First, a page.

BUFFALO, NY (WBFO) – President Donald Trump on Monday hailed a tentative agreement involving the United States, Canada and Mexico that would replace the North American Free Trade Agreement. While it’s not yet a done deal, early local feedback suggests an updated deal will be especially good for New York State’s economy, especially in agriculture.
Trump calls the new United States-Mexico-Canada Agreement (USMCA) the “biggest agreement” in the nation’s history and treats American workers more fairly than NAFTA.
Among the biggest gainers under the new deal, according to many, are farmers. In New York State, news of an updated North American trade deal is being hailed as a benefit to agriculture, including apples, possibly maple syrup (New York is the second-largest producer in the nation behind Vermont) and especially dairy products.
New York’s dairy production is the largest agricultural output in the state and the third-largest in the nation, according to Lauren Williams of the New York Farm Bureau. She is among those who hope an updated international trade deal with Canada will level the playing field for New York’s milk and dairy producers.
“One of the issues was Canada had created a new class 7 pricing (for dairy products such as protein concentrates, skim milk and whole milk powder), which essentially excluded the export of products from the US,” she explained. “That impacted some dairy farmers in New York who had established markets in Canada.”
The state’s agricultural economy is estimated at $5 billion annually. Williams says about half of that is dairy alone.
While Trump has called NAFTA “the worst trade deal ever made,” local trade and commerce advocates don’t necessarily share that opinion.
NAFTA, according to local trade and commerce advocates, has actually worked well for the Western New York economy
Dottie Gallagher, president and chief executive officer of the Buffalo Niagara Partnership, suggests NAFTA has actually worked well for Western New York, which relies on multiple cross-border exchanges of components as part of the manufacturing process. But she and her organization welcome updates to trade deals.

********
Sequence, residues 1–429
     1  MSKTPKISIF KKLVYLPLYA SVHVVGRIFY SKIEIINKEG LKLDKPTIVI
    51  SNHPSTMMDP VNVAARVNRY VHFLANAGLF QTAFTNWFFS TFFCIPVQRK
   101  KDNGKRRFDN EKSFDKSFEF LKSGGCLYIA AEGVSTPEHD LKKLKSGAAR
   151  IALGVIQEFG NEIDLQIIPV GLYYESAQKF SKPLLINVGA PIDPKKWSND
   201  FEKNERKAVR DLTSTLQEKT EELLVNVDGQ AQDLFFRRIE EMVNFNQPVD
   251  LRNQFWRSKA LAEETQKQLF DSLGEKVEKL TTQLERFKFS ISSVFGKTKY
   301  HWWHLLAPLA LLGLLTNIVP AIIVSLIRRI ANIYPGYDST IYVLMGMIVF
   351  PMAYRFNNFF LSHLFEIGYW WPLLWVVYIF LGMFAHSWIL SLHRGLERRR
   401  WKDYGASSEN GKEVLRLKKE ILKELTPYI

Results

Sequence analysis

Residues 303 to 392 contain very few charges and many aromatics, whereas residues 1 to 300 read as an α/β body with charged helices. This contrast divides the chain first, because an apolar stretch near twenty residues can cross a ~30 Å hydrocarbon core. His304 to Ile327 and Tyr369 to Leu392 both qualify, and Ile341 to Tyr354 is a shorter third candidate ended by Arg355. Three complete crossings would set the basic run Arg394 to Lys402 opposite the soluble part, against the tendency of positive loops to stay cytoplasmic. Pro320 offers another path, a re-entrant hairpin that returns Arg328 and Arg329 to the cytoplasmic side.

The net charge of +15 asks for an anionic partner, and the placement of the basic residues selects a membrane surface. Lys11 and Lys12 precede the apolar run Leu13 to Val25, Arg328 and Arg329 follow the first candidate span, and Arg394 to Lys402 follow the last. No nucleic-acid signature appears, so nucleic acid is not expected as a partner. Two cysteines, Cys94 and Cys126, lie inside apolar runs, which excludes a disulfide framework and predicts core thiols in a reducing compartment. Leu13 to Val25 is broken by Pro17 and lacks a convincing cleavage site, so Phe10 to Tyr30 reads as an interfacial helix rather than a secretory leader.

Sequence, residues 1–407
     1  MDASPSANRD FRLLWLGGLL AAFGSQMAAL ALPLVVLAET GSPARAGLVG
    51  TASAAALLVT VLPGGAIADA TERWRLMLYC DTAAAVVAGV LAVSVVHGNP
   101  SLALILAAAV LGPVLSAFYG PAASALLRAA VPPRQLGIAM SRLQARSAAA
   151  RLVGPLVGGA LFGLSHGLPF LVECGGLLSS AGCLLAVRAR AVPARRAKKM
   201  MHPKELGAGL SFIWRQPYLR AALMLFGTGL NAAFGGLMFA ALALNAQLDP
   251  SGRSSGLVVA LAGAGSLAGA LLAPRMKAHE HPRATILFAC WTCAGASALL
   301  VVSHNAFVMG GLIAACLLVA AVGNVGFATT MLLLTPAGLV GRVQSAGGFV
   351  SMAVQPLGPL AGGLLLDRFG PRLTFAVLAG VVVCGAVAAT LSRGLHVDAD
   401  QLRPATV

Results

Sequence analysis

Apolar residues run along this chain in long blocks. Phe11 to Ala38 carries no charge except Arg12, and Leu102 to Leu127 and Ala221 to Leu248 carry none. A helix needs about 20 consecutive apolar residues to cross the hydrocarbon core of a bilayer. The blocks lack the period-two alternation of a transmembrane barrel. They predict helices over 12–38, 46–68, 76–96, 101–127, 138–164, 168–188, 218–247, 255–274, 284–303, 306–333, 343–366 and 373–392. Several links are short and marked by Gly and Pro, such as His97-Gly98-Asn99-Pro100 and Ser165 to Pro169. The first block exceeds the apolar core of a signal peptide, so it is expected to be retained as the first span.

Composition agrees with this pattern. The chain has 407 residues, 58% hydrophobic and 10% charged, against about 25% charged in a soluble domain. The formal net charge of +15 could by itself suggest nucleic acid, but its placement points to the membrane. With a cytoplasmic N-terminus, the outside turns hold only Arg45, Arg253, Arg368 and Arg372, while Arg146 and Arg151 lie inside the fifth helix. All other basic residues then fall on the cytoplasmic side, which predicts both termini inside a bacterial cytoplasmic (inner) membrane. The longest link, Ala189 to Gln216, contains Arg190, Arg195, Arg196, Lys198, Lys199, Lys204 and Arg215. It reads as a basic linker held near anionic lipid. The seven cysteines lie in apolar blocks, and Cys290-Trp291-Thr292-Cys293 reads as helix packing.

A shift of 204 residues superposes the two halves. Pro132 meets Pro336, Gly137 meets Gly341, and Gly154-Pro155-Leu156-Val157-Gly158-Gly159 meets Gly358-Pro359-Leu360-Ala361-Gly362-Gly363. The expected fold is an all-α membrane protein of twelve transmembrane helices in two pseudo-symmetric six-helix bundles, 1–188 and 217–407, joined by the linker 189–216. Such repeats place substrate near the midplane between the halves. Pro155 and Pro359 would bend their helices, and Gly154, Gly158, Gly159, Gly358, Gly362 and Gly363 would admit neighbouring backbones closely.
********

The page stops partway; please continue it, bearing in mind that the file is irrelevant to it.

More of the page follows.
“I understand the president wanted to improve some elements of it and hopefully it’s achieved with this renegotiation,” she said.
But tariffs – especially those imposed on steel and aluminum – remain a concern to Gallagher.
“Our neighbors to the north, in Hamilton, that’s really the center of steel in Canada. They’ve been a huge supplier to the US. The president’s original intent, I think, was to prevent some of the cheap steel that was coming from China but it was sort of throwing out the baby with the bath water,” she said. “It’s in our best interest nationally and regionally that it gets resolved.
“What Washington is saying now is they’re still having those talks separate and outside of this agreement.”
Craig Turner, president of the World Trade Center Buffalo Niagara, sees an updated trade deal as a “win-win” for parties involved. He agrees with Gallagher that NAFTA, though not perfect, worked well for Western New York. But he supports the notion that it needed updates.
“Job titles and lines that existed 25 years ago don’t exist today. There are industries nobody was even thinking about 25 years ago that are common today,” he said. “We needed to re-address it.”
Among the items he would have liked to see resolved by Sunday’s midnight deadline was workforce mobility and immigration issues that would make it easier to move workers who may service the products sold across a border.
“But from everything that I’ve seen so far, this is going to be good for not only all three countries but for our region too,” Turner said.